Even without your password, it’s possible for other users to gain access to your files and directories (and even your account) if your permissions aren’t set correctly. If you mistakenly allow other users write permissions for critical files, they can easily break in to your account. Specifically, it is very important to keep files such as .cshrc, .profile, and .login protected. Also, any other files that these source or call need to be protected as well. Giving other users write permissions on any files or programs that you execute invites their replacement by ‘trojan horse’ programs, which could cause damage to your files, or even try to get your password from you and pass it along to an intruder. Periodically do an ‘ls -alc’ command in your home directory and make sure your initialization files have appropriate permissions and modification times that make sense. Besides write access, the other issue to think about is whether you want other users to be able to read and/or execute your files. See how to secure your directory for more information.
Setting your Path
Users also need to be careful about which directories they have in their default path, because of the possibility of executing trojan horse programs, as mentioned above. If you have in your path any directory which is publically writeable, or even writeable by anybody other than yourself, you may fall into this trap. If you have one of these directories in your path before some directory(s) of system commands, a potential intruder could place a trojan horse program of the same name as a system command in that directory. Then when you try to execute the system command, you get the trojan horse version. The program then has the same access to your files as you do: It could delete your home directory, change permissions on sensitive files, or maybe even trick you into entering your password, which it would send on to the intruder. To guard against this, avoid putting any publicly writeable directory in your path, or if you really have to, make sure that all of the system directories and your own directories appear before any that are writeable by anyone else. You should also put the current directory (the “.” entry) at the very end of your path to avoid the possibility of executing a trojan horse from the current directory. In addition, you should beware of unexpectedly being asked for your password, as there are very few programs that require this.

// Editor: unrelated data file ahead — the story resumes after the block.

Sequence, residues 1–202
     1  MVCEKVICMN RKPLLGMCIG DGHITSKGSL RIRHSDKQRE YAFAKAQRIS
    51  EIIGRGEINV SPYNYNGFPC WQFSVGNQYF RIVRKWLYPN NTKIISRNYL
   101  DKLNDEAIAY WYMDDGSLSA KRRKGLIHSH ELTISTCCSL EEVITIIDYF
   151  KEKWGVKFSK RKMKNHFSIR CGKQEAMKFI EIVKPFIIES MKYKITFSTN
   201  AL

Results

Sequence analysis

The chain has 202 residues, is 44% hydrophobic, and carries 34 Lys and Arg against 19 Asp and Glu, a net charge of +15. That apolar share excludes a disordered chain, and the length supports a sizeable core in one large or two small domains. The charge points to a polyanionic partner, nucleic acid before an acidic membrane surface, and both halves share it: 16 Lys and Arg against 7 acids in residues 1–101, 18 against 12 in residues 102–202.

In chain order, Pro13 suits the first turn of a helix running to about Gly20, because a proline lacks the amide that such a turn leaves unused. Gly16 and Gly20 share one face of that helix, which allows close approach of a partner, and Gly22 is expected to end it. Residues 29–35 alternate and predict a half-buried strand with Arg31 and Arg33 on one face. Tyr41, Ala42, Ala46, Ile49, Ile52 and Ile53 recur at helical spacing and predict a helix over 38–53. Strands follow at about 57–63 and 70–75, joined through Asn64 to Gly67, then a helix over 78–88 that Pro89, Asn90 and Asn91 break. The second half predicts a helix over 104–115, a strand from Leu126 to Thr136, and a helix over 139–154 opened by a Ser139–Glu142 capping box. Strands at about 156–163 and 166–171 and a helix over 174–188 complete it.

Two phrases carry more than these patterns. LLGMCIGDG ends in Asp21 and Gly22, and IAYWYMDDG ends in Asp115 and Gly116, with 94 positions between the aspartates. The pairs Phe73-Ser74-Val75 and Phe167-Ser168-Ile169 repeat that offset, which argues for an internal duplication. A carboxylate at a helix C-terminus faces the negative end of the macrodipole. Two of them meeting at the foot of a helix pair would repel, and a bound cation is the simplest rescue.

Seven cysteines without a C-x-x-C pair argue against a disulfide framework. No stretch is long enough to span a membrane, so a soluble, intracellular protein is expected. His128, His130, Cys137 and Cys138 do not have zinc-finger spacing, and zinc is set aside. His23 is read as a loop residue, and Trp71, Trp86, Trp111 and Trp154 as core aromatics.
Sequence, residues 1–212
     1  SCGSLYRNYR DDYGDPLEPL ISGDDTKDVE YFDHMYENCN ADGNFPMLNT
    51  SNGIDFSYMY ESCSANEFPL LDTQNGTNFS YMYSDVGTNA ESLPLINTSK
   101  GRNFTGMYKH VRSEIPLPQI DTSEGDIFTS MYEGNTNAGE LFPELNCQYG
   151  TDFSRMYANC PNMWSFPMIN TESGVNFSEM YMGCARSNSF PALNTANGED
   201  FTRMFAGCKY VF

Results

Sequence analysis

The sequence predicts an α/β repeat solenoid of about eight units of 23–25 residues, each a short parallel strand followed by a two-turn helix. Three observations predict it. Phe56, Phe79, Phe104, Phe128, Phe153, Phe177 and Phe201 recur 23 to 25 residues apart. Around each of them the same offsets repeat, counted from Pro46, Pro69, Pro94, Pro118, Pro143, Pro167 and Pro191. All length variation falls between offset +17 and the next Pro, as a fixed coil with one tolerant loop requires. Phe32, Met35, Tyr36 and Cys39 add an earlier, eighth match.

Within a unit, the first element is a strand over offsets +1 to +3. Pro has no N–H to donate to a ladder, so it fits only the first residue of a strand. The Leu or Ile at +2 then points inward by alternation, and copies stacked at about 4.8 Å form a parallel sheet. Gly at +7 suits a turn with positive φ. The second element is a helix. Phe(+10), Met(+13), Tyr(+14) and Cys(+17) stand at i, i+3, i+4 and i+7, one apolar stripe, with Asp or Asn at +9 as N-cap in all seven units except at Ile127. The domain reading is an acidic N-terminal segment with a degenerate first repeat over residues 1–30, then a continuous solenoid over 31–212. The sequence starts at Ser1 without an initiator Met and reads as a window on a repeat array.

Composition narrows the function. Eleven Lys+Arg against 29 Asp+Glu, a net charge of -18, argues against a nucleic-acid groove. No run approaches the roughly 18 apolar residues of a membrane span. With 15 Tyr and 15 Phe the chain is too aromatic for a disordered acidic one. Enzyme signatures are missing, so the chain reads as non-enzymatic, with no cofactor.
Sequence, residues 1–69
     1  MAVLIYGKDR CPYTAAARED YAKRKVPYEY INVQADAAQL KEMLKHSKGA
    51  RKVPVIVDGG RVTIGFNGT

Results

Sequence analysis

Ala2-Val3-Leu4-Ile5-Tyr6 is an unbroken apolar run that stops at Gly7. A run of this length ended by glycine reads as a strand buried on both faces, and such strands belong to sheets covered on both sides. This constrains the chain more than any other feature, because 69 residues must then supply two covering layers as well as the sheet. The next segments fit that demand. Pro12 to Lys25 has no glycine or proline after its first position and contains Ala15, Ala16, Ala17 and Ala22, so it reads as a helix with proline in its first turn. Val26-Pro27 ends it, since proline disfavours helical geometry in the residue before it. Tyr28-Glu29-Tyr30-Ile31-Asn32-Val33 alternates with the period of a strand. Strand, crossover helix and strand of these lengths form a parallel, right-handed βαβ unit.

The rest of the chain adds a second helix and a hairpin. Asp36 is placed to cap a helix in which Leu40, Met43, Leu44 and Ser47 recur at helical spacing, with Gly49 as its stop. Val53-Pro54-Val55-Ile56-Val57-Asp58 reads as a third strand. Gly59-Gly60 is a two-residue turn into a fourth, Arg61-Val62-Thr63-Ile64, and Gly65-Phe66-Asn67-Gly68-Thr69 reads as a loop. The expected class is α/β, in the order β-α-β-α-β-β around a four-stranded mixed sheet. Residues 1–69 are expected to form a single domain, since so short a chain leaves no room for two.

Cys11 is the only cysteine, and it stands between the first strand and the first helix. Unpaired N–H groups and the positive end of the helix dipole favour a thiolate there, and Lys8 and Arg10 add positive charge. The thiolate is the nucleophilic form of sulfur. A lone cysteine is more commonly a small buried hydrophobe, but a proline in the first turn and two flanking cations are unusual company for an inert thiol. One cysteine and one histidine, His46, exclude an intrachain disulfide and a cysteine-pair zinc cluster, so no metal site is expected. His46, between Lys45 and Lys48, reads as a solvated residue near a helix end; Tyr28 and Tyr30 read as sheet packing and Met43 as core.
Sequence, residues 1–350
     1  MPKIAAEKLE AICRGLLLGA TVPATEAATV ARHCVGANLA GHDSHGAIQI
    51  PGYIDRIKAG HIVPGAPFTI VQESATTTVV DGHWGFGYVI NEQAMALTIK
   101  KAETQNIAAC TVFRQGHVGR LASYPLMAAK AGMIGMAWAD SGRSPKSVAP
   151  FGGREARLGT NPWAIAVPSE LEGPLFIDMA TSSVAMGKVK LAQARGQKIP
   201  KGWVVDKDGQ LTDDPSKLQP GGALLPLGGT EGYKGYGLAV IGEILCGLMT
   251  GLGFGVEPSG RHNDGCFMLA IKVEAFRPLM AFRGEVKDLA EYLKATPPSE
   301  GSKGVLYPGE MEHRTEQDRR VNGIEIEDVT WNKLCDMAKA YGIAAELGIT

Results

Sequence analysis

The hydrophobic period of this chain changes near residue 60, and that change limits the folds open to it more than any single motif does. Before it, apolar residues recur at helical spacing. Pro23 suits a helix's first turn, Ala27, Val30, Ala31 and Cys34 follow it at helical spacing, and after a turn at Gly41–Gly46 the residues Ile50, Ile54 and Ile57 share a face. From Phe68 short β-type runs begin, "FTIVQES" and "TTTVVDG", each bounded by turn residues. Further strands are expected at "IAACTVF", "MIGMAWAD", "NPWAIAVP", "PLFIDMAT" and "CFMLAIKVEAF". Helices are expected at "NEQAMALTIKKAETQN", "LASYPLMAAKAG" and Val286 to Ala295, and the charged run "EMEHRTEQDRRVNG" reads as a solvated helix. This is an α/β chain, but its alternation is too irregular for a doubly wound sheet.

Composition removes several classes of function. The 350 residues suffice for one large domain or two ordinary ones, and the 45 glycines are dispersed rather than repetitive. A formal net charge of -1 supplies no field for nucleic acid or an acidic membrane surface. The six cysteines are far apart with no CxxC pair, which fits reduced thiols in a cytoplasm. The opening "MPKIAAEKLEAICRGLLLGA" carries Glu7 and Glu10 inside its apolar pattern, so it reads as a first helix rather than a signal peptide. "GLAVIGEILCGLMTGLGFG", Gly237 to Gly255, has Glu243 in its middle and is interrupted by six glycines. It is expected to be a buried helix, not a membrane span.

Detecting Unauthorized Access of your Account
There are basically two ways to tell if someone has used your password. The individual may alter, remove, or add files and in some cases sub-directories in your directory. You should be aware of what is in your directory, and notice when files appear or disappear. In particular, be on the lookout for files and directories with names chosen to keep them obscure. For example, do an ls -la and look for entries that begin with a dot and be sure there are no unusual items. Intruders will often name a directory ‘…’ (dot-dot-dot) which to the untrained eye is easily overlooked when you do an ls. Only an ls with the -a option will show these dot files. Also do an ls -lat which will sort your files by modification date, and look to see if any files have changed at times you can’t recall modifying them. Second, you can tell if a user logs in as you. When you log in, Linux will print the time of your last login. Please check that each time you log in, and notify the facilities staff if the time reflects an unauthorized access. You can also check your last logins by means of the ‘last’ command. See the man page for details.